Our findings support a model that places healthy skin tissue at the helm of skin-tropic TPS regulation.24 It moves the attention away from local DCs, which on their own are relatively poor inducers of CCR8, and emphasizes the role of stable soluble factor(s) produced by keratinocytes that act directly on activated T cells. We propose that drainage of these factor(s) together with antigen, either in free (unprocessed) form or captured by migrating DCs, into adjacent lymph nodes results in CCR8 and CLA expression in responding T cells. Our model is supported by earlier work showing skin-dependent regulation of CLA expression.38 Alternatively, we cannot rule out a “short-range” effect in healthy skin during cutaneous T-cell contact with local DCs. It is clear, however, that at least 2 distinct processes, DC-mediated T-cell activation as well as DC-unrelated tissue factor(s), determine the imprinting of skin-tissue tropism in human TPS cells.
We hypothesize that CCR8+ TPS cells in healthy human skin represent a diverse collection of long-lived memory T cells that are unified by 2 distinct properties: (1) colocalization in a discrete peripheral tissue during steady state and (2) specificity for various antigens that have been encountered previously in the context of skin immunity. Obviously, the origin of skin antigens is wide-ranging and includes commensal as well as foreign bacteria, yeast, viruses, toxins and self-proteins, each associated with a distinct effector T-cell profile. We wish to emphasize that the localization of resting memory T cells under steady-state conditions differs from the recruitment of effector T cells to inflammatory sites. Still, it is not clear how CCR8+ TPS cells relate to effector T cells found in diverse human skin diseases. For instance, we do not know whether CCR8+ TPS cells become activated locally and turn into effector T cells or whether CCR8+ TPS cells give rise to effector T cells during engagement with antigen-presenting DCs in skin-draining lymph nodes. Preliminary data indicate that T helper cell differentiation factors (eg, IL-12) inhibit CCR8 expression, suggesting that the generation of CCR8+ TPS cells coincides with the resolution as opposed to the initiation of adaptive immune responses. As such, further studies are needed to examine the kinetics of CCR8/CLA expression in the context of the multi-stage process of T-cell activation, proliferation, and differentiation.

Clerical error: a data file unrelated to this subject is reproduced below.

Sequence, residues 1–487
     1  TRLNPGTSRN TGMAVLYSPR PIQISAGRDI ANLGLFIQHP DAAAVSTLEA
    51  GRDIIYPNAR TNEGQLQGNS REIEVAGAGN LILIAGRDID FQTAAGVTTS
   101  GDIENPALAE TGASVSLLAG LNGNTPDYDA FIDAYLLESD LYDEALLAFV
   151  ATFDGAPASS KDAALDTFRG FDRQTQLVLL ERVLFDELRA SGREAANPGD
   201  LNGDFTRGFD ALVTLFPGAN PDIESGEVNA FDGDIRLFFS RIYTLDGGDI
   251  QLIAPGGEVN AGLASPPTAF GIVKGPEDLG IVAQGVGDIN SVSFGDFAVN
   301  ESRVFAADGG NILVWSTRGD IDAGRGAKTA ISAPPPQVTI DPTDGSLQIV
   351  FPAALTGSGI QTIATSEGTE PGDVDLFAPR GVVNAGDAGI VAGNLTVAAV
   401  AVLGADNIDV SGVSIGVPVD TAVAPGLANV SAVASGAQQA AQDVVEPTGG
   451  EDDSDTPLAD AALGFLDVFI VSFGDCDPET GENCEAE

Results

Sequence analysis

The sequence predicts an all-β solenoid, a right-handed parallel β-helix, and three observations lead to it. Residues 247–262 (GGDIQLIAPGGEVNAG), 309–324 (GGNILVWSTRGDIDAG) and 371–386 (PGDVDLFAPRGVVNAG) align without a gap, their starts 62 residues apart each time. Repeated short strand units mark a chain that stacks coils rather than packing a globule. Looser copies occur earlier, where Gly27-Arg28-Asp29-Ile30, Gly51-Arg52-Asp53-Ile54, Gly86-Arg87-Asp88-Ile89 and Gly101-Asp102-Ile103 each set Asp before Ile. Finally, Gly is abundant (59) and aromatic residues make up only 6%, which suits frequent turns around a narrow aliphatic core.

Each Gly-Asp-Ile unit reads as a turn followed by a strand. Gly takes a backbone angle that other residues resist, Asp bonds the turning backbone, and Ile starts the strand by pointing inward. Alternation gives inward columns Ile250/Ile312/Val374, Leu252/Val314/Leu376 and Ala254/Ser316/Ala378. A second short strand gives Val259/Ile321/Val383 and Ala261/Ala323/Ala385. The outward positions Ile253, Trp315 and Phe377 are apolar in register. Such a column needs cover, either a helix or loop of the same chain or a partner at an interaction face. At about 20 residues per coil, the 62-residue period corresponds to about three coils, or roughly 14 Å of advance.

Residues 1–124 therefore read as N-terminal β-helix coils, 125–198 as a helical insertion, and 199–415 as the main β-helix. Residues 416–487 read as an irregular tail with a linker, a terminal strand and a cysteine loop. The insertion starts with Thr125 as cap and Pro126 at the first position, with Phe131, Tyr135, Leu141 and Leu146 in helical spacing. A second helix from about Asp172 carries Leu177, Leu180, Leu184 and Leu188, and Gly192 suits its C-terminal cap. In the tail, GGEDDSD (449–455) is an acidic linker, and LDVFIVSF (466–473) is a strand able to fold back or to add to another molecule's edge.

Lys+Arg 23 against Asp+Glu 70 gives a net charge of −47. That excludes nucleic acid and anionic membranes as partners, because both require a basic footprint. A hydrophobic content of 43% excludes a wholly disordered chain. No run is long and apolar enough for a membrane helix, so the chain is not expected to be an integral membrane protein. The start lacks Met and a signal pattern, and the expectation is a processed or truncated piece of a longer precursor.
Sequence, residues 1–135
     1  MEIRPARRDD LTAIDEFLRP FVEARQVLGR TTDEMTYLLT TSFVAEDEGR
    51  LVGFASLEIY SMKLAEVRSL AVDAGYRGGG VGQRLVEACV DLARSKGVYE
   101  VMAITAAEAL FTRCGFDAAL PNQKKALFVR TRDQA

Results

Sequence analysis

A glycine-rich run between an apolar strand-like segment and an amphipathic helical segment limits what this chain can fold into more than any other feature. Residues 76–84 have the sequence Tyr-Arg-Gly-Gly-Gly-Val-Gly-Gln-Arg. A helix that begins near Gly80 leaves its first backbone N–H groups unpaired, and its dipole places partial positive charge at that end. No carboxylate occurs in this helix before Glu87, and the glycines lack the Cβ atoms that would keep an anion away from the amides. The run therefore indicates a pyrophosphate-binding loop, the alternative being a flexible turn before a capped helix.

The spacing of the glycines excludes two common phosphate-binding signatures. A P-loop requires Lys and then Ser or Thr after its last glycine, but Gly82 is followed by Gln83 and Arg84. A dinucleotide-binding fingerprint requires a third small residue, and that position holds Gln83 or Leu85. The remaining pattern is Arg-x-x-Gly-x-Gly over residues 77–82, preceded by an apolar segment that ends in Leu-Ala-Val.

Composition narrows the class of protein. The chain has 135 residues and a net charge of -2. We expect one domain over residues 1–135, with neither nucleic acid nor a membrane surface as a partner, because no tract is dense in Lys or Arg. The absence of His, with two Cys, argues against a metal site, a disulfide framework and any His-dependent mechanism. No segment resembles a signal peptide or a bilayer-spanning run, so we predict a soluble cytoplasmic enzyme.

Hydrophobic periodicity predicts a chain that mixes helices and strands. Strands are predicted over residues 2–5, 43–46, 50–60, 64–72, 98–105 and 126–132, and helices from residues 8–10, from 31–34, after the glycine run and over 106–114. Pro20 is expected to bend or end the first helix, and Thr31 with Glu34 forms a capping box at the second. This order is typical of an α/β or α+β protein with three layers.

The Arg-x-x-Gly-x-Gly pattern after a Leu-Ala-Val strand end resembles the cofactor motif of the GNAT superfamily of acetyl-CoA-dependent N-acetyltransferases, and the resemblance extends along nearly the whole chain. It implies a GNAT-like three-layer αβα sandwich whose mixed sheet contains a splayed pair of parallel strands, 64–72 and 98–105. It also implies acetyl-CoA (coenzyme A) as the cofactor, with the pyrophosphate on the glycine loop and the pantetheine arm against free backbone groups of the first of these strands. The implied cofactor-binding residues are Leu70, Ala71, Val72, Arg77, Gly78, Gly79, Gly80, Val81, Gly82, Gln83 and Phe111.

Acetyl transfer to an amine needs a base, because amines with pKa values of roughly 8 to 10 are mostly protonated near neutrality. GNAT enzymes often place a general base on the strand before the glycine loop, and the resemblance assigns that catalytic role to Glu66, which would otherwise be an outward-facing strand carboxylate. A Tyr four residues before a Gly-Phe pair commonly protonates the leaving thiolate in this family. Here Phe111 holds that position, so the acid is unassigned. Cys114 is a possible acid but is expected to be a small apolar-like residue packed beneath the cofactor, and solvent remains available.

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The authors thank Ann Kift-Morgan for preparing mesothelial cell cultures.
This work was supported by the European Sixth Framework Program to the INNOCHEM consortium and The Wellcome Trust. M.L.M. is the recipient of a Wellcome Trust “Value in People” Award. B.M. is the recipient of a Royal Society Wolfson Research Merit Award.
Contribution: M.L.M. and B.M. conceived and designed experiments and wrote the manuscript; M.L.M. performed and analyzed experiments; K.L., S.H., and D.A.P. provided reagents/materials/analysis tools/cell sorting; and R.E.M. provided skin samples.
Conflict-of-interest disclosure: The authors declare no competing financial interests.
Correspondence: Bernhard Moser, Institute of Infection and Immunity, Cardiff University School of Medicine, Henry Wellcome Building, Heath Park, Cardiff CF14 4XN, United Kingdom; e-mail: email@example.com.